CASE 17834 Published on 28.07.2022

Chronic Lymphocytic Inflammation with Pontine Perivascular Enhancement Responsive to Steroids (CLIPPERS): a case presentation



Case Type

Clinical Cases


Nikoletta Anagnostou,  Anastasia Zikou

Department of Clinical Radiology, University Hospital of Ioannina, Greece.


24 years, male

Area of Interest Neuroradiology brain ; Imaging Technique MR, MR-Diffusion/Perfusion
Clinical History

A 24-year-old man presented to our hospital with an established subacute dizziness with gait instability, ataxia, diplopia, dysarthria, dysphagia, slurred speech and quadriplegia. Cerebrospinal fluid analysis revealed elevated white blood cell count with lymphocytes. Extensive laboratory evaluation of serum and CSF biomarkers for autoimmune and infectious causes werd negative.

Imaging Findings

The patient underwent a brain MRI (3 Tesla).  Axial T2-weighted (Fig.1a) and fluid-attenuated inversion recovery (FLAIR) (Fig.1b) images revealed diffuse patchy hyperintensity of the pons. Apparent Diffusion Coefficient (ADC) map (Fig.1c) through the level of pons show areas without diffusion restriction. Susceptibility weighted imaging (SWI) (Fig.1d) revealed with low signal prominent veins of the pons. Contrast material–enhanced T1-weighted image (Fig.1e) showed linear and punctate foci of enhancement involving the pons. High dose of corticosteroid was administered upon patient hospitalization and continued with oral dose. Three months after treatment, the patient came for a re-examination, and his clinical symptoms had disappeared completely. A follow-up ΜRI was performed and showed significant, almost complete, resolution of the lesions (Fig. 2 a,b,c,d,e). The patient was followed up for more than one year, and there has been no recurrence.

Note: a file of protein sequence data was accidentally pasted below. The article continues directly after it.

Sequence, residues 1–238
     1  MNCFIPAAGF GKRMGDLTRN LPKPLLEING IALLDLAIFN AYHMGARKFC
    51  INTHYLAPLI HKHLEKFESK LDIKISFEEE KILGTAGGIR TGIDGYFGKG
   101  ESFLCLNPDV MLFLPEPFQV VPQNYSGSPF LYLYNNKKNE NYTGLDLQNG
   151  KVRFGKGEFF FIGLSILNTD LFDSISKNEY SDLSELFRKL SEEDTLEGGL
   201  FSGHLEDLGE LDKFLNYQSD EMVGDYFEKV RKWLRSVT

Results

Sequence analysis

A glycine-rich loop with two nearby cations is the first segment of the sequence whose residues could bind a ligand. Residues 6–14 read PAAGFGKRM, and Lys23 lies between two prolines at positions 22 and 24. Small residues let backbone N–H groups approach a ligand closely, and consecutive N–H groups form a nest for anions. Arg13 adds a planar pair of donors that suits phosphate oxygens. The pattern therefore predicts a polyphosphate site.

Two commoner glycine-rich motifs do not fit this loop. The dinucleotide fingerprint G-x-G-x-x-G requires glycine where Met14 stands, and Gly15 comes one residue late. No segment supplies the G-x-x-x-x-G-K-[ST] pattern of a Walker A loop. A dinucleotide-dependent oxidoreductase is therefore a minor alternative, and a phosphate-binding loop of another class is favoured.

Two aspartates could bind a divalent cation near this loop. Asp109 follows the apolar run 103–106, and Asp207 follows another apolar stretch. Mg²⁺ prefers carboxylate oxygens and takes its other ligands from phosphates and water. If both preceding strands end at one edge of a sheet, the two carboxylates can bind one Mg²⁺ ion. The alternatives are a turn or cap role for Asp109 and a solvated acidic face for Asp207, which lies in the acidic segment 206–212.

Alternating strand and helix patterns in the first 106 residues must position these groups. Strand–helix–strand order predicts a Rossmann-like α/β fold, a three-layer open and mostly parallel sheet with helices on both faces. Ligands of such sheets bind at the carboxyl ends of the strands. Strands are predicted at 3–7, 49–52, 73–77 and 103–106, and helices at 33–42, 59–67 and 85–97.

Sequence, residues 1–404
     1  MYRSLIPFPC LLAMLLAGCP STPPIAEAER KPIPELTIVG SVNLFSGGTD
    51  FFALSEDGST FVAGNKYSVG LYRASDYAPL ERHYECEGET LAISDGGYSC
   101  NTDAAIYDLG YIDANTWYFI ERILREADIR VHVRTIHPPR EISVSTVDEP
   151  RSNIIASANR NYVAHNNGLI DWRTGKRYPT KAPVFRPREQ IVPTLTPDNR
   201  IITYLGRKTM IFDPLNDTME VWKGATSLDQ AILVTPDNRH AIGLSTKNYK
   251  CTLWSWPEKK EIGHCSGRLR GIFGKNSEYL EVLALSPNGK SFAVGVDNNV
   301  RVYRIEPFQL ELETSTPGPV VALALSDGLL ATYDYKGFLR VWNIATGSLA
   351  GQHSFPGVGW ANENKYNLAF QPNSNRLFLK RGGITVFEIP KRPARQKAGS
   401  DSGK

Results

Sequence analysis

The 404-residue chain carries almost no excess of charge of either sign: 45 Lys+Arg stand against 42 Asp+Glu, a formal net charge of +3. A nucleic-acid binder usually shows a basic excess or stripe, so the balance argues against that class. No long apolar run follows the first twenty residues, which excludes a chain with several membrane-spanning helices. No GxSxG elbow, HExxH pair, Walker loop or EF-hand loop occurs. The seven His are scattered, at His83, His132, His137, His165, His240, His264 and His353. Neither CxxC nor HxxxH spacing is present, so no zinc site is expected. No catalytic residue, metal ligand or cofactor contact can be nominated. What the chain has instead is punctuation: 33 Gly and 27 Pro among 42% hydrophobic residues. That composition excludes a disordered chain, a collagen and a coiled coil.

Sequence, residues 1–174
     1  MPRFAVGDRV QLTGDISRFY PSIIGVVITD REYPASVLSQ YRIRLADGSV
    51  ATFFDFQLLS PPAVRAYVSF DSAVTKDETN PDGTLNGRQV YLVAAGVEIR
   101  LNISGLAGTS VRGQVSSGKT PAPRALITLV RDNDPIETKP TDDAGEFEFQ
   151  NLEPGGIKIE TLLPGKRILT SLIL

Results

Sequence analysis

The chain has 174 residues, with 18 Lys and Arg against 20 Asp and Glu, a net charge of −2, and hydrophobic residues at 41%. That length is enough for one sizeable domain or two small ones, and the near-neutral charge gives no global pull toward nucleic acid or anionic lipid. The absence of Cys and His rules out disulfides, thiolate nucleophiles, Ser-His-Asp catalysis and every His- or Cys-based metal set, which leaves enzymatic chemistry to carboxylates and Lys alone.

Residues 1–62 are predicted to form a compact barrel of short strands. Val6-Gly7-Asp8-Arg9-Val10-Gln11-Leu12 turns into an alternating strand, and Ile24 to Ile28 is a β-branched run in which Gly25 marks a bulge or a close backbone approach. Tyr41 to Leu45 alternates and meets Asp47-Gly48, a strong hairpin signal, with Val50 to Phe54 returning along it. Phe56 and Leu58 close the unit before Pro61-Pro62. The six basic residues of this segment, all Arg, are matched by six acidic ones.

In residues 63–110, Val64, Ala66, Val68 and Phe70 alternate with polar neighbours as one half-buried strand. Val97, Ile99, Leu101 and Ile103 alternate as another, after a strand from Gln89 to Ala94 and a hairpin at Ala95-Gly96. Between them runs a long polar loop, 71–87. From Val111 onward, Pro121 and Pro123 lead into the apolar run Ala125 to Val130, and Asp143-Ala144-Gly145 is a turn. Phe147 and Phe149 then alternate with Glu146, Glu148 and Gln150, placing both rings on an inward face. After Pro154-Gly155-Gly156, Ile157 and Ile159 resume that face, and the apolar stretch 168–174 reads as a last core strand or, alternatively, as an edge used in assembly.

Chronic Lymphocytic Inflammation with Pontine Perivascular Enhancement Responsive to Steroids (CLIPPERS) is a rare, relapsing-remitting disorder of the central nervous system [1,2]. It seems to concern all age groups, mainly young and middle-aged individuals, with a slight predominance in men over women [3]. The diagnosis of CLIPPERS is based on clinical, laboratory and radiological criteria and biopsy if required [4]. The diagnostic criteria consist of the following triad: 1) symptoms from the brainstem, 2) characteristic lesions on MRI, of the punctuate or curvillinear type enriched in the contrast medium, mainly involving the pons, 3) T-lymphocyte infiltrate with a perivascular distribution in the biopsy without inflammation or necrosis of the vessel wall[1]. Biopsy is not necessary if alternative pathologies have been ruled out and good response to corticosteroids [1,3]. CLIPPERS presents common imaging findings with a variety of conditions (eg, lymphoma, multiple sclerosis, vasculitis, encephalitis) [5]. Lesions are mostly bilateral, symmetrical without mass-effect and show mild or no focal edema [2,4] Ιn terms of the distribution of the lesions, these mainly concern the pons, midbrain, medulla and cerebellum and do not usually exceed 3 mm in diameter [2–4]. Τypically lesions are smaller as their distance from the pons increases [4]. A characteristic finding on MRI is multiple foci or patchy or curvilinear enhancing lesions in the cerebellum with or without extension to the cerebellar peduncles and cerebellum [3,4]. The lesions may not be completely clear on T2 and FLAIR sequences but are clearly visualized on T1-weighted image after intravenous contrast material injection showing a salt and pepper pattern [4]. Α quite useful technique is Susceptibility Weighted Imaging (SWI) which highlights in the area of the lesions the presence of prominent veins and T2*-hypointense curvilinear and/-or punctuate lesions of different size in the brainstem and cerebellum. Since T1-sequence with contrast medium does not reveal a corresponding dilatation of the veins, this phenomenon in the SWI sequence probably concerns the presence of a large amount of deoxyhemoglobin, possibly in the context of hypermetabolism [6]. Consequently, SWI sequence could be a useful technique for analysing the pathophysiology of CLIPPERS [6]. In conclusion, in cases where the described imaging pattern emerges, CLIPPERS syndrome should also be included in the differential diagnosis.

Differential Diagnosis List
Chronic Lymphocytic
Autoimmune encephalitis
CNS vasculitis
Primary CNS infections
Lymphomatoid granulomatosis
Final Diagnosis
Chronic Lymphocytic
Case information
DOI: 10.35100/eurorad/case.17834
ISSN: 1563-4086